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Monitor Duty

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The signing last Friday of the joint mechanism for tsunami aid by representatives of the Sri Lankan state and the Liberation Tigers marks the welcome crossing of a threshold in the island’s politics. This is not to say that there can be great expectations of the Post-Tsunami Operation Management Structure (P-TOMS) itself – as those familiar with Sri Lanka’s legacy of abortive agreements know, signing a deal is one thing, implementing it quite another. Nevertheless, the document does represent a formal recognition of today’s ground realities: the LTTE and the state are administering different parts of the islands and their collaboration is a prerequisite for the international community’s developmental ambitions in Sri Lanka to succeed. The agreement’s explicit endorsement and welcome by the United States and India this week underlines the ideational framework within which international donors and lenders are now operating. Though disparate – even diverging – interests are at play amongst its constituents, the international community is playing a critical, ‘hand on’ role in compelling Sri Lanka down the road to peace. As we have argued before, it is international resolve that has forced President Chandrika Kumaratunga to ignore the Sinhala nationalists and the Buddhist clergy and sign the P-TOMS.

Paradoxically, given that it signifies a joint effort to help all of Sri Lanka’s peoples and regions, the P-TOMS agreement has polarised Sri Lanka’s political forces and to a considerable extent, its ethnic communities. Not unexpectedly, however. Of course, as in competitive political system there are individual and party ambitions at play. But a close examination of various actors’ positions on the P-TOMS reveals the ethnic faultline around which Sri Lanka’s politics operates. No southern actor has welcomed the P-TOMS even though it has been deemed, by the donors themselves, as key to unlocking the three billion US dollars pledged in May. No southern actor has echoed international optimism that the deal will pave the way to renewed peace talks. Indeed, no southern actor sees the P-TOMS as a positive step for reconciliation or progress in Sri Lanka. Instead, a sense of dismay - resentment at best, anguished rage at worst – is the dominant mood in the south.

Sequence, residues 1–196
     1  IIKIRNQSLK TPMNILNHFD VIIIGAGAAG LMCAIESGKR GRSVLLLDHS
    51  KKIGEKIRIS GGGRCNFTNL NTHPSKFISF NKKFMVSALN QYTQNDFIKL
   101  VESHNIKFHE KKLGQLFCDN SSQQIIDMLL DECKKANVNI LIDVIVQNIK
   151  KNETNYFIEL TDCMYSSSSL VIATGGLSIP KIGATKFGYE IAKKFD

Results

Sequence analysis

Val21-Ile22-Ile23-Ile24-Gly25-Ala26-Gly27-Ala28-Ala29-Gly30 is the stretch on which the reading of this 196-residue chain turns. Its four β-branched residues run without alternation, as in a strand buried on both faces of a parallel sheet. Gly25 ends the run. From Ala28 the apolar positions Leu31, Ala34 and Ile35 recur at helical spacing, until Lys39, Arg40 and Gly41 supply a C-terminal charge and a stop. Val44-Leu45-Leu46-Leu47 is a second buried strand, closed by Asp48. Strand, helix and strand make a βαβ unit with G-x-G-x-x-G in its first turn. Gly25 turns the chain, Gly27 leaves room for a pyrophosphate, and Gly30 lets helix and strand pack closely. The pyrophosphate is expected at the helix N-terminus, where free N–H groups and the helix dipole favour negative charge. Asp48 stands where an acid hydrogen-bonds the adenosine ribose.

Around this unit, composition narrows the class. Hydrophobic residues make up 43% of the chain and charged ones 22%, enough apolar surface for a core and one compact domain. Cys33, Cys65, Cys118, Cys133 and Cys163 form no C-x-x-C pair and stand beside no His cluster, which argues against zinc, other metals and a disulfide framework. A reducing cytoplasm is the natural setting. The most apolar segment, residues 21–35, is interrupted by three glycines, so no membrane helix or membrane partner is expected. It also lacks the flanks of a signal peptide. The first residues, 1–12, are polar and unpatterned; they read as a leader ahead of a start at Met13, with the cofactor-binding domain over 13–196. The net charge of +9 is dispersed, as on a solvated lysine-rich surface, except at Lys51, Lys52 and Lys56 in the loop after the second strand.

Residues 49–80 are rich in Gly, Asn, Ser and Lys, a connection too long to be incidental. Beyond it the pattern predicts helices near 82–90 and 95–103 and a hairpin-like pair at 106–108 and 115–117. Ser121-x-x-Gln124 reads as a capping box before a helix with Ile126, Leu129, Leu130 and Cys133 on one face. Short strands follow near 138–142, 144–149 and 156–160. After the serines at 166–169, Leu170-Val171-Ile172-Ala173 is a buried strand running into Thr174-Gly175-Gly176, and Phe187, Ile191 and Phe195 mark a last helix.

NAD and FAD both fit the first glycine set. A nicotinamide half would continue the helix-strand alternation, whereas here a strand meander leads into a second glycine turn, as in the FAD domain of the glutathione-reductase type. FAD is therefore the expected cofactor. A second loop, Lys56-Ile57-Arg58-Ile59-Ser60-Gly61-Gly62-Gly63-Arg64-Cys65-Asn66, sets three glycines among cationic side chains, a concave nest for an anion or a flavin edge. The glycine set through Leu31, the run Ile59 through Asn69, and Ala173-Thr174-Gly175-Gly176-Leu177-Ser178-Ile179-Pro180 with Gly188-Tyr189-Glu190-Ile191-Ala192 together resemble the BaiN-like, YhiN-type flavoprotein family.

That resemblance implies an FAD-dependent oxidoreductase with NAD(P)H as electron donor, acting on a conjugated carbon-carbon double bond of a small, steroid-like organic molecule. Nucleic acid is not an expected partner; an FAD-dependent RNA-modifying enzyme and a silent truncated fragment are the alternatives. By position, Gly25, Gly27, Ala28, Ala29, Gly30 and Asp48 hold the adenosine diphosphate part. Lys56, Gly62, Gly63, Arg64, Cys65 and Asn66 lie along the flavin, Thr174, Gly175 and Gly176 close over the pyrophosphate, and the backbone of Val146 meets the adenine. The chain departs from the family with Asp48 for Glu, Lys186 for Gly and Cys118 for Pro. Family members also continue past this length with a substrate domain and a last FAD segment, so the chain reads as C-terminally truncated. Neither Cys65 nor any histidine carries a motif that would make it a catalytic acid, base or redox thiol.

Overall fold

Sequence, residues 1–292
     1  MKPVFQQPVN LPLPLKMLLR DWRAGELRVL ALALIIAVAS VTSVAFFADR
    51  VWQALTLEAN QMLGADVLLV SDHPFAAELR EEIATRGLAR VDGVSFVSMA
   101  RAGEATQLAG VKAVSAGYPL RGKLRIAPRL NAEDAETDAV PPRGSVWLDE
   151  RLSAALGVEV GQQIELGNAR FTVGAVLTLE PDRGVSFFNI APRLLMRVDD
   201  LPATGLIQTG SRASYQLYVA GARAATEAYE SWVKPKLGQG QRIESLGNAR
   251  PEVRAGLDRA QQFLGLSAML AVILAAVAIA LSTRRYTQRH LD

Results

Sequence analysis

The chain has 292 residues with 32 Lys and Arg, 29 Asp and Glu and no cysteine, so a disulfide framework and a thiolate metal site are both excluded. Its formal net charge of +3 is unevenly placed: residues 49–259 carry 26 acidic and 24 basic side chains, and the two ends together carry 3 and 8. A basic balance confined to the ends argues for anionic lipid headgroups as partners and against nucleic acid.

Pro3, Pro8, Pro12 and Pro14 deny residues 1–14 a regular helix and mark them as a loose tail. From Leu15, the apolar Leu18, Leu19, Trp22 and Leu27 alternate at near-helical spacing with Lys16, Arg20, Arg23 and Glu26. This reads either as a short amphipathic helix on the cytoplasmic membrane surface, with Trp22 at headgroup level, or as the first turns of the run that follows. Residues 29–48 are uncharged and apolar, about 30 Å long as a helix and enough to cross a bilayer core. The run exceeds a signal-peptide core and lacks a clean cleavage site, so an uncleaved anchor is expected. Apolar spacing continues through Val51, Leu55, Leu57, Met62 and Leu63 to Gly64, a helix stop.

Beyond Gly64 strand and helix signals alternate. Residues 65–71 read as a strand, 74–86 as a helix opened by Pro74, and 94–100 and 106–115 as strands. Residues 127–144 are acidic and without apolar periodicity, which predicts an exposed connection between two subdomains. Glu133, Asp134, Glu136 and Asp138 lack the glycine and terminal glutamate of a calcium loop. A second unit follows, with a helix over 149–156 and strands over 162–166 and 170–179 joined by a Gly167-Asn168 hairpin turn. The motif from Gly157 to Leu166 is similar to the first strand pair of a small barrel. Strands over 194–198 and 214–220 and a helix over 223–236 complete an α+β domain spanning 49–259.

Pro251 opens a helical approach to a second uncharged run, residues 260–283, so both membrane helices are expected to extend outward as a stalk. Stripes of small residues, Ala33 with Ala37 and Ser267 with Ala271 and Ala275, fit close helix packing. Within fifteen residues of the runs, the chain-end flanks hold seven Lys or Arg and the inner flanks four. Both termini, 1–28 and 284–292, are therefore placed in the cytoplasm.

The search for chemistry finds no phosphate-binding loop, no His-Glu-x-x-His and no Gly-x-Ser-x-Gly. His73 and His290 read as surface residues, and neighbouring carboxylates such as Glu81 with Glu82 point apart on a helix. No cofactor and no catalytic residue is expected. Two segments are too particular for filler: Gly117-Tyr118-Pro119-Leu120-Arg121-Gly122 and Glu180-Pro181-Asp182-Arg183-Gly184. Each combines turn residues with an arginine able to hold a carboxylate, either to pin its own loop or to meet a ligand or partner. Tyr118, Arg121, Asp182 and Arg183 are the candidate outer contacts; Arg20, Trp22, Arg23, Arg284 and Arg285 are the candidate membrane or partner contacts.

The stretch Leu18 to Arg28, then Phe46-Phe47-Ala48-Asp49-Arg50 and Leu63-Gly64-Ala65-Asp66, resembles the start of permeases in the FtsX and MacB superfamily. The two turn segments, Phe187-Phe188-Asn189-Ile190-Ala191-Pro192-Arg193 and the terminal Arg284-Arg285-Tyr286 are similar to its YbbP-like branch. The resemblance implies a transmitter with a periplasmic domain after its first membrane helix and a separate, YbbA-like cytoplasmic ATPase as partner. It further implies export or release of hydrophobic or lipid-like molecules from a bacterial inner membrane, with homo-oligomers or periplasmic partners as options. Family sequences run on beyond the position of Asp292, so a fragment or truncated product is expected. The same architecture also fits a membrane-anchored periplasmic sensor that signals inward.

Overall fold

The LTTE has signed the agreement, but it doesn’t conceal its scepticism. The Tamil media has collectively raised doubts about Colombo’s sincerity in signing the P-TOMS. That this mere administrative agreement has produced such turmoil and controversy in the south does not bode well for a peace deal. The guns have been silent for four years, yet the vehemence of Sri Lanka’s antagonisms is undiminished. Indeed, the spoilers are already mobilising. Sinhala nationalists, including the Janatha Vimukthi Perumana (JVP) have, amidst their street protests, promptly launched a legal challenge against the P-TOMS. We doubt this idiotic exercise will have any impact, but it does underline the mood in the south. The Sinhala media have condemned the deal. Even the main opposition United National Party (UNP) – the darling of the international advocates of a liberal peace in Sri Lanka – has criticised the deal on the basis it disadvantages the Sinhalese. In the meantime, the Muslim parties have alarmed their community by suggesting the P-TOMS marginalizes them – whilst preparing to scramble for the several seats allocated to the Muslims in it.

The Buddhist clergy, which came out strongly against the agreement are now ambivalent, in the wake of President Kumaratunga’s assurances. But herein lies the dilemma. If the P-TOMS is implemented as agreed, then the Sinhala-Buddhists will be enraged. If, on the other hand, Sri Lanka’s infamous bureaucratic lethargy unravels the deal and blocks the reconstruction of the tsunami- and conflict-affected areas, the island’s simmering ethnic acrimonies will deepen. The US echoed Tamil doubts when it noted this week: “if implemented properly, this mechanism will help to ensure efficient and equitable reconstruction assistance to those whose lives were devastated by the South Asia tsunami in the north and east.” Although it remains to be seen what happens, international donors and lenders do have the capacity to hold Sri Lanka to the agreement by phasing disbursement and pegging it to equitable expenditure on the ground. Yes, there is great need across the island. But to ensure all communities and all areas receive their fair share, and to ensure that developmental disadvantages across the island are erased, the functioning of the P-TOMS must be monitored continuously.

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